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I've been keeping this blog for all of my beekeeping years and I am beginning my 17th year of beekeeping in April 2022. Now there are more than 1300 posts on this blog. Please use the search bar below to search the blog for other posts on a subject in which you are interested. You can also click on the "label" at the end of a post and all posts with that label will show up. At the very bottom of this page is a list of all the labels I've used.

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I began this blog to chronicle my beekeeping experiences. I have read lots of beekeeping books, but nothing takes the place of either hands-on experience with an experienced beekeeper or good pictures of the process. I want people to have a clearer picture of what to expect in their beekeeping so I post pictures and write about my beekeeping saga here. Along the way, I've passed a number of certification levels and am now a
Master Beekeeper Enjoy with me as I learn and grow as a beekeeper.

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Sunday, April 26, 2015

Swarm Hive Intervention

In Atlanta this year we have had a record-setting 53 days of rain.  It rained on April 8 and 9.  Then Atlanta tied a 1980 record with rain for eight straight days from April 12 - 19.

Now in the beekeeper's mind, this has lots of consequences.  First the tulip poplar began to bloom during that period.  Frequently after the many stormy days and nights, I've seen this on the ground:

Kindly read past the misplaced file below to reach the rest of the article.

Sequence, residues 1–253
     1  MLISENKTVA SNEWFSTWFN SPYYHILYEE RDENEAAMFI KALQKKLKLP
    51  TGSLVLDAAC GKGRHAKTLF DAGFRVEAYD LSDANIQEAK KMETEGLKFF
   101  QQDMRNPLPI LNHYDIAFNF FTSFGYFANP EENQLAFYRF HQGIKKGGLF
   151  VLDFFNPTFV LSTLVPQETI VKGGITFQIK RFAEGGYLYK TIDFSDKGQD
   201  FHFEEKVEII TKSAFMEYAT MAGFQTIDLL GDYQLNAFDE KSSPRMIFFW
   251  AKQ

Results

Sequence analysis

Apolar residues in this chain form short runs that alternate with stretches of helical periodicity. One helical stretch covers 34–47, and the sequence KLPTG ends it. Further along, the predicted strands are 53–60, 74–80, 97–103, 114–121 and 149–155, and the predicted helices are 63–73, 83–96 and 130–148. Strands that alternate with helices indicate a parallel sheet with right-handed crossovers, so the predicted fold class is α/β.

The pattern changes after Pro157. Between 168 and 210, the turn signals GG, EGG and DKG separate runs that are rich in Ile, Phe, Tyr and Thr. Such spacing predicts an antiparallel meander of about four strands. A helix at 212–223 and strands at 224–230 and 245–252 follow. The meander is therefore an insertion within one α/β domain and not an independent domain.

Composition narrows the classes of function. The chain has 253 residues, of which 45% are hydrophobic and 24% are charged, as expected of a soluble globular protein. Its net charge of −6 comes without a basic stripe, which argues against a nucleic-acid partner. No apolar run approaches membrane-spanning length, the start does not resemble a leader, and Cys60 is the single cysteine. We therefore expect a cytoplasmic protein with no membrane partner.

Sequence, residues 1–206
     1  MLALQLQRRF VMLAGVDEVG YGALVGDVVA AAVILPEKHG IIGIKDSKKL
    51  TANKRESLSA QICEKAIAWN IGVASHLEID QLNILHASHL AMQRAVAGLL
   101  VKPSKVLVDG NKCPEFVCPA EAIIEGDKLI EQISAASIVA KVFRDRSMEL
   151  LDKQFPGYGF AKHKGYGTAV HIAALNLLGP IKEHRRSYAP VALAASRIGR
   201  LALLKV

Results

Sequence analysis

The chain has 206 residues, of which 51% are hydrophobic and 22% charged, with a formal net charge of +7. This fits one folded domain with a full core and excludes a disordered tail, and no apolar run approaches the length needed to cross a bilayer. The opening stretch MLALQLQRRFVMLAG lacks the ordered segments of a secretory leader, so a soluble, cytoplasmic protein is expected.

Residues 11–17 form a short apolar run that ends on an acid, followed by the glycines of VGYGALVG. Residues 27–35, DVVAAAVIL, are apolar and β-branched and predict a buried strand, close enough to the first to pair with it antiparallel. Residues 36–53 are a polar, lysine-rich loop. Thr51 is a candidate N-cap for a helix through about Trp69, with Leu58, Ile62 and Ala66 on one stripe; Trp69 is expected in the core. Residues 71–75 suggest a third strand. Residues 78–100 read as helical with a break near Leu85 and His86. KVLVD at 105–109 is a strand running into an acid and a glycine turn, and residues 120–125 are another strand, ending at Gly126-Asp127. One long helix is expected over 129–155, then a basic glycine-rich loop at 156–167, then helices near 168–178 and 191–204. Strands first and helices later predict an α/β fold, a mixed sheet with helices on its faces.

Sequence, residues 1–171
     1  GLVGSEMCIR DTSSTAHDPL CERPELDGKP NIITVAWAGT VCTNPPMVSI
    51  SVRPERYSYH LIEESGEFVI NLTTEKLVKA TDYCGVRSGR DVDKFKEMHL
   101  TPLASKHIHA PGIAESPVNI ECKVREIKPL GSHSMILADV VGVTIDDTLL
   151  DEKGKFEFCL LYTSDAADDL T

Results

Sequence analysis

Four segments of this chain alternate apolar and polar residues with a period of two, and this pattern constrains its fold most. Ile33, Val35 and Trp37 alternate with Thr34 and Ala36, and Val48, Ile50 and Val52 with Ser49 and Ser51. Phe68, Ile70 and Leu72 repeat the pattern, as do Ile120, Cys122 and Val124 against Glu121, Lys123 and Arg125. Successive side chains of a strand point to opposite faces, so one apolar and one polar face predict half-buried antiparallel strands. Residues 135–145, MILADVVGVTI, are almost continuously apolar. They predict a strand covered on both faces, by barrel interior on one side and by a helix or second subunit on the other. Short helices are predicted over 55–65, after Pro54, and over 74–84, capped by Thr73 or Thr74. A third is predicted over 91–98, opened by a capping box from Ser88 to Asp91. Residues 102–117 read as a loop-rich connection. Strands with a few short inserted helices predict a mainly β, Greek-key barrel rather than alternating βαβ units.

A tulip poplar bloom on the ground (and there are many) is not providing nectar for the bees.

The swarm I captured twice on April 7 was the third swarm issued by the originating hive. That means the queen was a virgin. And what does a virgin queen have to do when she finds her new home with the secondary (or in this case tertiary) swarm? She has to fly out and mate.

The odds of her mating successfully or well are slim with the constant rain.

This weekend, almost three weeks since the swarm was hived, my daughter and I went up to see the bees. I noticed that the bees in the hive I made from a split of a Mountain Sweet Honey hive that survived the winter were flying in and out with pollen, but the bees in the swarm hive were not.

I started worrying that the queen might have been short-bred or not mated at all.

Today I went up and opened the hive. I had with me a frame of brood and eggs from my neighborhood hive that overwintered successfully. I had wrapped the frame in a warm towel from the dryer because I wanted the eggs to stay warm.

I opened the hive and found bees and comb, but no queen activity in the bottom box. At this point I put in the frame of brood and eggs. 

In the second box also no bee activity - drawn comb that I had given them but nothing was being stored in it. There were many bees in this box. 

The third box had mostly drone brood with a few worker cells. I think the queen was poorly mated. The bees weren't even bringing in nectar, almost as if they knew they were doomed. 

I hope the frame of brood and eggs will give them a new lease on life. I'll add a frame of brood and eggs each week now until they have a successful queen in the hive.

The other hive, the split from Ray and Julie's Mountain Sweet Honey bees, was doing really well. Their new queen had successfully mated and there were eggs, brood, pollen and honey in that hive. The comb they were drawing was lovely and I have high hopes for that hive.

If you zoom in on this photo you can see many eggs in the open cells below the pollen.

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